April 3

State General Assembly Bill Proposes Limited Regulatory Relief For Some Used Oil Generators

Earlier this year, California Assembly member Phillip Chen introduced AB 2928. AB 2928 proposes to revise the state’s used oil management requirements, which generally requires used oil to be managed as hazardous waste, by easing the compliance burden on a narrow group of used oil generators. If the bill becomes law, generators of “highly controlled used oil” seeking to send their non-hazardous used oil off-site for recycling would be subject to less stringent testing and recordkeeping requirements than other used oil generators in the state. A generator of “highly controlled used oil” is defined in the bill as a person or entity who: generates used oil from similar types of equipment used under similar circumstances; services, repairs and maintains equipment that is only owned and operated by the generator; derives no revenue from the activities associated with the generator’s equipment; does not use or store halogenated solvents in the same area where used oil is generated or stored on-site, and certifies that management practices are employed to prevent the commingling of used oil and halogenated solvents.

Generators that fall within the above-listed criteria seeking to claim that their used oil is exempt from regulation as hazardous waste would only be required to test their used oil once a year to verify that it is not hazardous and meets the “purity” standards set by the Department of Toxic Substances Control. All other generators of used oil desiring to send their used oil off-site for recycling as non-hazardous waste would still be required to test all used oil before it is transported off-site.

The proposed amendments to California’s used oil requirements are a step in the right direction, as they would ease the burden of recycling used oil for many businesses in the state. However, further regulatory relief should be considered by the California Legislature. If AB 2928 becomes law, California’s used oil management requirements would remain the most stringent in the nation.

A hearing on AB 2928 is scheduled in the General Assembly’s Environmental Safety and Toxic Materials Committee on April 10, 2018.

PDF – State General Assembly Bill Proposes Limited Regulatory Relief For Some Used Oil Generators

© 2018 – Hartman King PC. All rights reserved. The information in this article has been prepared by Hartman King PC for informational purposes only and does not constitute legal advice.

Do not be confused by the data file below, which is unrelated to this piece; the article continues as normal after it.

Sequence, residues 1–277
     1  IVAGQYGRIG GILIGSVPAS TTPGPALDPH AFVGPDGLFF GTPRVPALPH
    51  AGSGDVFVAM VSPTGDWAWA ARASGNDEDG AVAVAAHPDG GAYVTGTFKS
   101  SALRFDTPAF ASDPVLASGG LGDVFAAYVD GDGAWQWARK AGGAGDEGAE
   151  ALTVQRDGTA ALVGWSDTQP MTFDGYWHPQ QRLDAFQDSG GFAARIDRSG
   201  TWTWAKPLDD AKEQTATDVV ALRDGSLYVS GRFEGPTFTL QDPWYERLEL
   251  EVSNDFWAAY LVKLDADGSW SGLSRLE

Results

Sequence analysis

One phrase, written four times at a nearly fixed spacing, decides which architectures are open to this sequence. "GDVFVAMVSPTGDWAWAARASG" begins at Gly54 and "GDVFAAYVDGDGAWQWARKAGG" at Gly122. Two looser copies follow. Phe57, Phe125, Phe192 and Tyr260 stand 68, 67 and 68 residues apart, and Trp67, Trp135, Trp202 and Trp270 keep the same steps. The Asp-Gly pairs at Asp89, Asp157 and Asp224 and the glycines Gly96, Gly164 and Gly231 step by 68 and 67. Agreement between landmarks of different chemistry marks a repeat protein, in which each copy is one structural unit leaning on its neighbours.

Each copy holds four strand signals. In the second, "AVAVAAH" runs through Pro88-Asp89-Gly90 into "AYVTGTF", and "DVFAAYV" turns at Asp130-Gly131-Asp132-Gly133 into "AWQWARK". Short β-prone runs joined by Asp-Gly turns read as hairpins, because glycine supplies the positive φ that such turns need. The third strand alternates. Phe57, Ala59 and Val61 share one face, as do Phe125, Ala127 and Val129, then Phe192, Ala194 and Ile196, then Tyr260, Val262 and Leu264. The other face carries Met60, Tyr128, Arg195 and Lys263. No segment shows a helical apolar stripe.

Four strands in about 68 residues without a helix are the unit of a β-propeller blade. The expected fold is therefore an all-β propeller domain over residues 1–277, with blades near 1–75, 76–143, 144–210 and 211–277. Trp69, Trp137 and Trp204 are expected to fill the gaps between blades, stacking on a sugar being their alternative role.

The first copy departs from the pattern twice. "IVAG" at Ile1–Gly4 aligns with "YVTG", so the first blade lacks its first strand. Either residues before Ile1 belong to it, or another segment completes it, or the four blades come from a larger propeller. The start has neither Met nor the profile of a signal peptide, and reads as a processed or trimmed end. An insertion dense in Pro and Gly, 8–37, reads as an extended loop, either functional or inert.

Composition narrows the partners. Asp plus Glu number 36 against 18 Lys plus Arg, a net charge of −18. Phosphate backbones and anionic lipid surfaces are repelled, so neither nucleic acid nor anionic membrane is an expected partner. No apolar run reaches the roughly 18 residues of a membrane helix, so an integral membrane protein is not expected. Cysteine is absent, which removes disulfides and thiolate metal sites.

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Hartman King PC
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February 27

Hazardous Materials Business Plan (HMBP) – When is the annual due date?!

Under California law, businesses that handle hazardous materials above certain thresholds must annually prepare and submit a Hazardous Materials Business Plan (“HMBP”) to the appropriate local Certified Unified Program Agency (“CUPA”).

By default, regulated businesses must submit HMBPs annually on or before March 1. However, the March 1 deadline is, like many other aspects of the HMBP program, subject to your local CUPA’s modification. For example, Monterey County Health Department’s due date is January 1, San Joaquin County Environmental Health Department’s is January 15, Los Angeles County’s is (usually) March 15, and several other CUPAs require submission within 365 days of your last submission, no matter the date.

The administrative penalties for a late submission can reach up to two thousand dollars ($2,000) per day or five thousand dollars ($5,000) per day for “knowing” violations.

Having prepared hundreds of HMBPs for clients throughout California, we appreciate the challenges businesses face in understanding and addressing the requirements established by over 80 CUPAs and numerous participating agencies throughout the state. If you would like to know more about the state’s HMBP program and how it may affect your business, please feel free to contact us.

PDF – When is the annual due date?!

© 2018 – Hartman King PC. All rights reserved. The information in this article has been prepared by Hartman King PC for informational purposes only and does not constitute legal advice.

For more information, contact:
Hartman King PC
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February 16

Commercial Growers Who Irrigate Beware: Regional Board Takes Steps Toward Increased Enforcement of Irrigated Lands Regulatory Program

In the fall of 2017, the Central Valley Regional Water Quality Control Board (“Regional Board”) sent 464 “outreach letters” to likely owners of commercial irrigated farmland located in the Eastern San Joaquin County and Sacramento Valley regions. This is the first step in the Regional Board’s process to request commercial farmers who irrigate to comply with the Irrigated Lands Regulatory Program, or ILRP, before taking enforcement action against the farmer.